Traditionally, distribution is based on different channels, which could be focused on specific customers… but not always. The majority of our agents have a wide range of customers – from individuals to large corporate – but know each of them well. Now we are evolving towards more customised products. This vertical distribution, as you called it, can help us as the agents understand the situation. 

I think we can combine the horizontal distribution with our wide range of products but, if we are able to manage data and know our customers better and manage our agents better, we could be more effective. We think it could be an interesting approach to improve our market presence and our distribution.

Earlier we referred to the cost base of the industry. Are mergers and acquisitions the only way forward for the sector to remain sustainable? Or will it be a race to the bottom?

It depends whether you are talking about the Maltese market or an international one. In the former, there are a few companies in a small market but I cannot see any form of mergers or consolidation. Internationally, it is different.

Mapfre has been an active company, doing acquisitions in America, Malta, Europe over the years. It is an opportunity but this is not the only way to grow. We think organic growth is better. We have to do what we can internally to improve the organisation and to get more customers.

Having said that, we are constantly analysing opportunities.

Your slogan is to become the most ‘trusted’ insurance company in the world. But in the insurance sector there is the perception that insurance companies resist paying out claims…

You are right that many times customers think companies do not like to pay out and that they are difficult to deal with. But it is not true. Companies like Mapfre are very responsible and our first obligation is to pay out; our liabilities are clear. Mapfre has been working for the past 50 years based on this; it is the key to our success on the market.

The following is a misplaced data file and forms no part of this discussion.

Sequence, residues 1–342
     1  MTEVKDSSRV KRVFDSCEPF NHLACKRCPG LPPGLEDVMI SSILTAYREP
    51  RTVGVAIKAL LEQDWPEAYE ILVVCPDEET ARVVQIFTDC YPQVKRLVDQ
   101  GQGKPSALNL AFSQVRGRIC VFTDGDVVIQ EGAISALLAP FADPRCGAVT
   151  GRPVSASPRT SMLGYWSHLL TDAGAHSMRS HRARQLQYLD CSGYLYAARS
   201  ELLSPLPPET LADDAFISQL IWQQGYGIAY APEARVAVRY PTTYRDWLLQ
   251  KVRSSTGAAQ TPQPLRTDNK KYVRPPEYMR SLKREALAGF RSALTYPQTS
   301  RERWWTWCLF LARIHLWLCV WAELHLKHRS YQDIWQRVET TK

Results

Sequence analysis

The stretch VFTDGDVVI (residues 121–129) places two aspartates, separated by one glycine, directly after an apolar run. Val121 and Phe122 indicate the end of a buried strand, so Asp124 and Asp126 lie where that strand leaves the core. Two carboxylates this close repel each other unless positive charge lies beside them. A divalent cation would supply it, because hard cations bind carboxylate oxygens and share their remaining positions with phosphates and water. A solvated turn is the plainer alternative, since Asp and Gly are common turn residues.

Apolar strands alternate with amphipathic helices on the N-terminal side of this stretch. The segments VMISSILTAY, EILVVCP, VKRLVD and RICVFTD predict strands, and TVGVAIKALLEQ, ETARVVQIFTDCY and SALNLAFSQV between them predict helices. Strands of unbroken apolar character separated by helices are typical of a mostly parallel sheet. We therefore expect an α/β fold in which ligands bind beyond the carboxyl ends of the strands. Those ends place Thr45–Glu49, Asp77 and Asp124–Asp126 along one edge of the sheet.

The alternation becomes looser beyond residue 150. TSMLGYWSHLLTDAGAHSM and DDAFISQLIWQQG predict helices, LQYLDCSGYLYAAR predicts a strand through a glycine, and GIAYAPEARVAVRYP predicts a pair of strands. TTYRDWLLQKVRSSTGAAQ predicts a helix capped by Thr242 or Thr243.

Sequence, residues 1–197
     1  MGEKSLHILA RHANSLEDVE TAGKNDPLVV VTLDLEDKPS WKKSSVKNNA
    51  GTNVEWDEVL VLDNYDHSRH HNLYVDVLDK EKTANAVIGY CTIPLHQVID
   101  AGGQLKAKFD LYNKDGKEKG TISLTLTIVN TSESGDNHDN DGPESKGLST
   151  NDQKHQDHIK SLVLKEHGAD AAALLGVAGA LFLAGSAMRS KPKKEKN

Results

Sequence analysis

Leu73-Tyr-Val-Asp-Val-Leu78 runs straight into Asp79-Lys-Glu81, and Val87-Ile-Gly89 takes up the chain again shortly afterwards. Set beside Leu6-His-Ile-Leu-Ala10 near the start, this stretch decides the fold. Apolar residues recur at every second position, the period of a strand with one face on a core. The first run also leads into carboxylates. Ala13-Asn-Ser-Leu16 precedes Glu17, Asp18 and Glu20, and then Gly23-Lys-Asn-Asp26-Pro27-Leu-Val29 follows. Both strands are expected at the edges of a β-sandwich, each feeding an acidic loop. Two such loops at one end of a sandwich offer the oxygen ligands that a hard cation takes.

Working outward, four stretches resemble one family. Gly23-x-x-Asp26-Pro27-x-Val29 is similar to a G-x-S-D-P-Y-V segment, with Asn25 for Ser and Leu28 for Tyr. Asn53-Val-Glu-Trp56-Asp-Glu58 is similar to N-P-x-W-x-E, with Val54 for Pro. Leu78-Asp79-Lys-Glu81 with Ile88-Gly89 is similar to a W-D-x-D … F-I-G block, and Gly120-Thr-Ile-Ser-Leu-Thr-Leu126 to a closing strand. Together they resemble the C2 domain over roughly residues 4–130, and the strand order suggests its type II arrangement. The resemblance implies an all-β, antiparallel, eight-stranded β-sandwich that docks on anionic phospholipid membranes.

Companies like us need to work hard to clarify the social role they play. We are one of the highest investors in every country: buying public debt, investing in infrastructure and any kind of financial product. That helps the stability of a country.

We are a consistent player in the economy of every country. Not only people but also governments are not aware of how much insurance companies can do to help society. I am referring to the current issues of the welfare state, pensions, education and public health.

The insurance sector helps to improve the public sector. It is not always easy; probably this is our fault. We have to spend more time and more resources to be more transparent and to speak out about the ways in which we can help to improve society.

The insurance industry presents many challenges. The world is changing and we have to be more efficient. Personally, I joined Mapfre as a trainee, as many other managers and executives did.

As I worked my way up over the past 30 years, I learned that it is the most social economic activity possible, through economic uncertainty and crises, through digitalisation and changes to society, insurance will always be present.

We are doing everything we can to demonstrate that, through this vision, it is a good ally of families, societies and governments. Sometimes they do not fully appreciate our role.

Insurance needs help if it is to help to create a better environment, a better society and a better standard of living.

Key figures

2017 net results: €700.5 million
2017 revenue: €28 billion
36,000 employees
84,000 brokers
5,400 offices worldwide.

Fundación Mapfre’s social engagement:
• Budget of €50 million in 2017.
• More than 300 initiatives launched in more than 34 countries.
• 8.400 events organised with more than 23 million beneficiaries.